Your income

Contrary to what a lot of people think, and what some people try to tell you, whilst you are bankrupt you can earn as much as you like, nobody will try and stop you.

Get on with your life, start putting some money aside for the essentials you have not been able to afford for a while if you can.

To make it simple I’ve set out for you the base amounts that you keep out of your pay whilst you are bankrupt.

The normal period of bankruptcy is three years, plus one day.

These base amounts are called the Income Threshold Amounts which is technical talk for the amount of your net income after tax (and child support if that applies to you) that is always yours.

If you’re in business as a Sole Trader whilst you are bankrupt, then of course it’s also after net (after allowing for tax) and normal cash business expenses.

Your net income might need to be adjusted by your Bankruptcy Trustee to take into account things like salary sacrifice for a car or larger than normal discretionary superannuation payments. Your trustee is entitled to determine your real net income according to the bankruptcy rules.

The Income Threshold Amounts I have have noted here are per person and are adjusted upwards by the government (AFSA) in March and September each year to allow for movements in the cost of living.

With no dependents the net income amount you can earn that is protected by bankruptcy law is $54,736.50 net per annum, i.e. that’s an average of $1,052.63 per week net take home pay.

This is your money and the expectation is you need this amount to cover the cost of living, such as your rent or mortgage, groceries, getting to and from work, medical bills and insurances, running your car or motorbike, that sort of thing. Anything you earn above this amount you split 50/50 with your bankruptcy trustee for the period of your bankruptcy.

Steve and I speak to people sometimes who seem to set out to try to earn just under the threshold amount.

I usually say to them go out and earn as much as you can, make a million dollars if you are able to and be glad that you’re going to have to pay something to your bankruptcy, it will mean you’re getting back on your feet at a faster rate. Your creditors may get a dividend so you are doing the right thing by them and you may be able to put away a few dollars for an overdue holiday which is bound to improve your quality of life.

With 1 dependent at home the net income amount you can earn that is protected by bankruptcy law is $64,589.07 net per annum, i.e. an average of $1,242.10 per week net take home pay. This is your money. Anything you earn over this amount is split 50/50 with your bankruptcy trustee for the period of your bankruptcy.

With 2 dependents the net income amount you can earn that is protected by bankruptcy law is $69,515.36 net per annum, i.e. an average of $1,336.84 per week net take home pay. This is your money. Anything you earn over this amount is split 50/50 with your bankruptcy trustee for the period of your bankruptcy.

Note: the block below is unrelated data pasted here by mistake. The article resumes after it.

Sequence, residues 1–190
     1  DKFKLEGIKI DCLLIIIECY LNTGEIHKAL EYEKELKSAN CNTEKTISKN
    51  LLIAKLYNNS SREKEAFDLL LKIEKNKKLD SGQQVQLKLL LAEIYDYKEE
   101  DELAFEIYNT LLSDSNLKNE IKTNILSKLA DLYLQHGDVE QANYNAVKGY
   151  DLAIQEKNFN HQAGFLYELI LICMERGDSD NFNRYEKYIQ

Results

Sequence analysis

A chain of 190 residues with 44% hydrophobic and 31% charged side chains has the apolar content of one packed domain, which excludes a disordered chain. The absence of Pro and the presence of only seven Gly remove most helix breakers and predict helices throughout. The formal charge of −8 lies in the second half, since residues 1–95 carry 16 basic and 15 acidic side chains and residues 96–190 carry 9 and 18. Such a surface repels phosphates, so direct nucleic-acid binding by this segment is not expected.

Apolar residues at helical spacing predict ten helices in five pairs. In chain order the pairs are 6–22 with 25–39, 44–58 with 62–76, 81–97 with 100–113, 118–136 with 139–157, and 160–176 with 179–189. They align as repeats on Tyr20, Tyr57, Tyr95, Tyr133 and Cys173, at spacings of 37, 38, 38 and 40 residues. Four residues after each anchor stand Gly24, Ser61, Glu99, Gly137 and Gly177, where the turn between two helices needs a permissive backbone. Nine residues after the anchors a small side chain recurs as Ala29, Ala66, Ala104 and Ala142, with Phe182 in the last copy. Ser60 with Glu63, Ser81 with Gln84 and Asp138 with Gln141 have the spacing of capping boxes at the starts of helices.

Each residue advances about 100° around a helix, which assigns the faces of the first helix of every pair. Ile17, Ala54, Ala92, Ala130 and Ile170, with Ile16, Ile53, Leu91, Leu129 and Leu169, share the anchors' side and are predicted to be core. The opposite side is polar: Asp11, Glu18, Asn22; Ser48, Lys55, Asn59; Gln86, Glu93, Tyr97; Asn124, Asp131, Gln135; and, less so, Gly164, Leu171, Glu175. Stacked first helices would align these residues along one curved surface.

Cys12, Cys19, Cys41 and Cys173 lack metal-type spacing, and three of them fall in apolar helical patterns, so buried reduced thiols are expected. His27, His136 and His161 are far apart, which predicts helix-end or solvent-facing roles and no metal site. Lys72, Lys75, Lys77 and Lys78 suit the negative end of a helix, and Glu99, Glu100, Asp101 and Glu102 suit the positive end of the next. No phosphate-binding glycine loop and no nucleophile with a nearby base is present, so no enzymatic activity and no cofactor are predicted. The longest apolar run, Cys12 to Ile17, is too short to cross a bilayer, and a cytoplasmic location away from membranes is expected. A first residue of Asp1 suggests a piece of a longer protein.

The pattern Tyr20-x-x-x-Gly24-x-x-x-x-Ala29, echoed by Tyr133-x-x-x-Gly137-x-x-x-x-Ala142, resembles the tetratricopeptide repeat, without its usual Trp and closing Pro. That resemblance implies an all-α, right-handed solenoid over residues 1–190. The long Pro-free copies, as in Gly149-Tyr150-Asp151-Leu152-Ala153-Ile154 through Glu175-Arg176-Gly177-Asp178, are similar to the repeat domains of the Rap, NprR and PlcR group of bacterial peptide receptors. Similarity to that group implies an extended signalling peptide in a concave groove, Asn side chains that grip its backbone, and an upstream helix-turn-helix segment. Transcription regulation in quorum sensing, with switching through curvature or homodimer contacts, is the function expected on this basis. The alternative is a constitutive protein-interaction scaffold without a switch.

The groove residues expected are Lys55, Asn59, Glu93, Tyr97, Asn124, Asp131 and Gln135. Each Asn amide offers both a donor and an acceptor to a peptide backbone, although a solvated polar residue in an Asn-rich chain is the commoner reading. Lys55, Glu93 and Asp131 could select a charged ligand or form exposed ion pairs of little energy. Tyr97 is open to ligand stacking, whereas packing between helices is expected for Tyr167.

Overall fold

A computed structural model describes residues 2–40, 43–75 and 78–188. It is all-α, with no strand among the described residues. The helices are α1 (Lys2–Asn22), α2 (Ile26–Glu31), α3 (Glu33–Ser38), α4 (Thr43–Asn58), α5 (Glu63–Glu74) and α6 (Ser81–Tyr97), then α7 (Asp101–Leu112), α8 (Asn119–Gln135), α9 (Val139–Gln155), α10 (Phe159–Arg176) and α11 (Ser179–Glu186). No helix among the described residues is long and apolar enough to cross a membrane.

With 3 dependents the net income amount you can earn that is protected by bankruptcy law is $71,252.18 net per annum, i.e. an average of $1,389.46 per week net take home pay. This is your money. Anything you earn over that is split 50/50 with your bankruptcy trustee for the period of your bankruptcy.

With 4 dependents the net income amount you can earn that is protected by bankruptcy law is $73,346.91 net per annum, i.e. an average of $1,410.52 per week net take home pay. This is your money. Anything you earn over this amount is split 50/50 with your bankruptcy trustee for the period of your bankruptcy.

With more than 4 dependents at home the net income amount you can earn that is protected by bankruptcy law is $74,441.64 net per annum, i.e. an average of $1,431.57 per week net take home pay. This is your money. Anything you earn over this amount is split 50/50 with your trustee for the period of your bankruptcy.

Quite a lot of the people I speak to tell me their normal weekly income is $800 or $900 or $1,000 after tax per week so the earnings threshold limits in bankruptcy are not a real consideration as they would pay no contributions from their income anyway.

I am always surprised when people who earn $800, $900 or $1,000 a week tell me they considering proposing a Debt Agreement that might cost them $100, $150 or sometimes even $200 a week over many years.

Most times I suggest that going into bankruptcy now and dealing with the problem that way might be a cheaper and more sensible option.

That way they will be able to more easily cover their rent, groceries, car, insurance payments, day to day living expenses. And hopefully have a few dollars left over to spend on themselves or their family.

Sometimes they agree with me, sometimes they don’t.

You should note that these Income Threshold Amounts listed here are per person.